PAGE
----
Last week, Media General acquired Young Broadcasting to create a company that will own 30 TV stations in 27 markets. In April, Sinclair Broadcast Group acquired Fisher Communications for $373 million.
Gannett's $2.2-billion deal -- $1.5 billion in cash and the assumption of about $700 million in debt -- will give it 43 stations in markets reaching about one-third of the country. Gannett, already one of the larger owners of TV stations, will now become the biggest independent owner of stations that carry CBS and NBC content.
There are many factors driving the consolidation in the broadcast industry. By owning more stations, a company has leverage to negotiate better deals with content suppliers and the pay-TV distributors that carry their signals.
Also, owning more than one station in the same market allows a broadcaster to spread expenses across multiple outlets and gives it more clout with local advertisers.
However, media critics fear that the continued consolidation means there will be a lack of diversity in content.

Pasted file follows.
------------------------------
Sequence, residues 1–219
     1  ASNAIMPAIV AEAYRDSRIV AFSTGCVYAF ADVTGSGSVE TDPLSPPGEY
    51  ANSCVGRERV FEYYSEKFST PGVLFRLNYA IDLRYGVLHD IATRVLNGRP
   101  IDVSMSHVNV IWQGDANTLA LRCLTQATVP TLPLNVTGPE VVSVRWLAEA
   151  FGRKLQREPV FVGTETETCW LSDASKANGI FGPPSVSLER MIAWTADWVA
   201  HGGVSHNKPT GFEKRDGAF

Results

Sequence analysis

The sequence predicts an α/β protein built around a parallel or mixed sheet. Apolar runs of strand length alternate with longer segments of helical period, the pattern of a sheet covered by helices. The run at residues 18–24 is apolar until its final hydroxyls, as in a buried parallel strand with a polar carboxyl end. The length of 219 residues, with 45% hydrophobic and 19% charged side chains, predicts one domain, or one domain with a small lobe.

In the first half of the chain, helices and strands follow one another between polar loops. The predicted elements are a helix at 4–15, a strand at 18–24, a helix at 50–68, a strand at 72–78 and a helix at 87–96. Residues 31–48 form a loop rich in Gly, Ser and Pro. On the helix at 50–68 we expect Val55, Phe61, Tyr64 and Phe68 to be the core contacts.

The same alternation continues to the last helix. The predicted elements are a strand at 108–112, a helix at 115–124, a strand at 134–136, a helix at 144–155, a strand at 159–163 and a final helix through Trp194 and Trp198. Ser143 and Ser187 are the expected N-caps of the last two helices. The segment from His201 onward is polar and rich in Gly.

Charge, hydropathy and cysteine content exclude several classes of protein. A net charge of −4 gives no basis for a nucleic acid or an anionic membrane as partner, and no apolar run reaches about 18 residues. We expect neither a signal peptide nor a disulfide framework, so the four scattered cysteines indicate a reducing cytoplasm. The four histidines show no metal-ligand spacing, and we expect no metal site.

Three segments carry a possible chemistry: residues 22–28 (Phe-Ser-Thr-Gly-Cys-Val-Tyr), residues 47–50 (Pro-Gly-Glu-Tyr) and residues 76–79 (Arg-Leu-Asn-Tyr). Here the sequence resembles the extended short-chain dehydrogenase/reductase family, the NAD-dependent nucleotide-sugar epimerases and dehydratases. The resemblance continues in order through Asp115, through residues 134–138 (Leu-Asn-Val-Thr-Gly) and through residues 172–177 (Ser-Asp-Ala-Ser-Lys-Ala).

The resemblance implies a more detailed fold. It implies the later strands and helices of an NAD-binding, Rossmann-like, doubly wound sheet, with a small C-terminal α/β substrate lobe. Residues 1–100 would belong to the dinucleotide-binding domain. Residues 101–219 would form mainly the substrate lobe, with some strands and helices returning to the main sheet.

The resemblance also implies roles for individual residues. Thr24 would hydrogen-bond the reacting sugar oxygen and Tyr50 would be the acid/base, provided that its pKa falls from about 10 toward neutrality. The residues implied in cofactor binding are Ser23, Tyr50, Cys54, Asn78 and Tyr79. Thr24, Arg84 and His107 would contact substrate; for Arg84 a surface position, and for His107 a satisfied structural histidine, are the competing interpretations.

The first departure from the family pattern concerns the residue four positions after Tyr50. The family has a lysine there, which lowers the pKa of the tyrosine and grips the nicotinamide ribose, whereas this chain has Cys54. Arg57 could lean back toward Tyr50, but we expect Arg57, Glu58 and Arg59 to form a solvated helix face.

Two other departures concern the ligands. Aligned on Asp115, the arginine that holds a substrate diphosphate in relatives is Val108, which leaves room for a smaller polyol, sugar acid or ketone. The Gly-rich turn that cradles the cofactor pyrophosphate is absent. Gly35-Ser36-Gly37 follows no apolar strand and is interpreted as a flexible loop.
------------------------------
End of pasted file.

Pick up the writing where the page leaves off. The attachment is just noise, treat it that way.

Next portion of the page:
"We've seen time and again that media consolidation means fewer journalists and less diversity on the public airwaves," said Craig Aaron, president of Free Press, a media watchdog. "This increasing concentration of ownership — coupled with covert consolidation that combines formerly competing newsrooms — is failing local communities."
The Gannett-Belo deal will require approval from the Federal Communications Commission. Gannett owns a newspaper in Louisville, Ky., where Belo owns a newspaper. FCC rules prohibit combined ownership of newspapers and televisions in most markets.
Some companies have waivers to own both newspapers and TV stations. Gannett owns a paper and a station in Phoenix but will now need another waiver because after this deal closes it will own Belo's two TV stations there.
"We don’t need yet another media merger; we need strong ownership rules that protect and promote local journalism," said Aaron.ALSO:
Follow Joe Flint on Twitter @JBFlint.